Published on December 26th, 2014 | by Jake Richardson36
New 1100-Mile High Speed Train Route For China
December 26th, 2014 by Jake Richardson
A new high-speed train route from Shanghai to Guangzhou opened recently, covering a distance of about 1,100 miles. This distance is roughly the same as traveling from Los Angeles to Seattle. How long does it take to cover the 1,100 miles in China?
Looks like about 7 hours, which would be much faster than driving and far less stressful. Even the old, slow train took about 16 hours, so 7 is a huge improvement. In 2012, a high-speed rail route from Beijing to Guangzhou also opened, covering over 1,400 miles in approximately 8 hours.
Shanghai now has a population of over 23 million and has been growing rapidly economically as well. It is a coastal megacity and important seaport, so adding rail routes seems to be a sensible move. Its public transportation system has been said to be larger than London’s and it apparently has more skyscrapers than New York.
The human population has almost doubled since 1987. Some projections have said the population could hit 50 million by 2050. Most of the residents are Han Chinese and many are also migrants from rural areas.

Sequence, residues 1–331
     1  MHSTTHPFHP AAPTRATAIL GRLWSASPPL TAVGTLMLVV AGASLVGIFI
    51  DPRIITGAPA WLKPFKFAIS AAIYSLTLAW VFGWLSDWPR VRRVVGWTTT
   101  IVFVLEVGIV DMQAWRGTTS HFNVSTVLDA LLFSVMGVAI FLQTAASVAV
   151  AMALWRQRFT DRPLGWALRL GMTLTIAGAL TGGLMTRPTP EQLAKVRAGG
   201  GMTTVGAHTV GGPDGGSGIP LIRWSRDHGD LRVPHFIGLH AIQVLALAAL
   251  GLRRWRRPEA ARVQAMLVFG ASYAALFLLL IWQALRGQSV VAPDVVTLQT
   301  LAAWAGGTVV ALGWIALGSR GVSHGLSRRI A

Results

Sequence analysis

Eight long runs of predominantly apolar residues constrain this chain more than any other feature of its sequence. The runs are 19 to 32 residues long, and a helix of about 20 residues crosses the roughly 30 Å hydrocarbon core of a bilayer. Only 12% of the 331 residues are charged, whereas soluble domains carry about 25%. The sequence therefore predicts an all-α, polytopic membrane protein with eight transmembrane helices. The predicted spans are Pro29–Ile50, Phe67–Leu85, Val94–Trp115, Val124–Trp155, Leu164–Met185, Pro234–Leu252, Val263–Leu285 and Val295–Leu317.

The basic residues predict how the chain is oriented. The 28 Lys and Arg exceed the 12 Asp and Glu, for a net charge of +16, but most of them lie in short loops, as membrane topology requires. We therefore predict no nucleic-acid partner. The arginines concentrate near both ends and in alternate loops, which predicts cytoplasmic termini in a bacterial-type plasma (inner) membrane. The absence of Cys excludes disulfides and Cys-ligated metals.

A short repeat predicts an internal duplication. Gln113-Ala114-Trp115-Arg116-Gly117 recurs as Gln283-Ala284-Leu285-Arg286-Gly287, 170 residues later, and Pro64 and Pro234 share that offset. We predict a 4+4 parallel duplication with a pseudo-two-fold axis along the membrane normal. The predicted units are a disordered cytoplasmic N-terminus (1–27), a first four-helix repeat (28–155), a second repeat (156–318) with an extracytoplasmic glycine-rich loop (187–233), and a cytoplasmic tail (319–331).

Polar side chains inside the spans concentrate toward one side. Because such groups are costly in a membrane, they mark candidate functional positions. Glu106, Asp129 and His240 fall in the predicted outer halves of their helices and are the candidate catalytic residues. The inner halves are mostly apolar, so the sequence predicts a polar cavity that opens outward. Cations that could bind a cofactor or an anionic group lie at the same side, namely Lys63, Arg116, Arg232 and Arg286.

Over 30 other high-speed rail routes were opened in China this month as well. Actually, it opened them all within a week!
China has such a high human population density that investing in rail to move large numbers of people seems entirely sensible, rather than trying to rely only on personal vehicles and constructing freeways and roads.
High-speed rail has some issues too, though. A UC-Berkeley research report found that it is a better choice under a particular condition. “The ITS researchers found that high-speed rail has the potential to be the lowest energy consumer and greenhouse gas emitter only if it consistently travels at high occupancy or uses a low-emission electricity source such as wind, both of which will require appropriate planning and continued investment.”
Back to Shanghai, the first commercial rail line in Shanghai opened in 1876 and traveled about nine miles.
Image by Bergmann, via Wiki Commons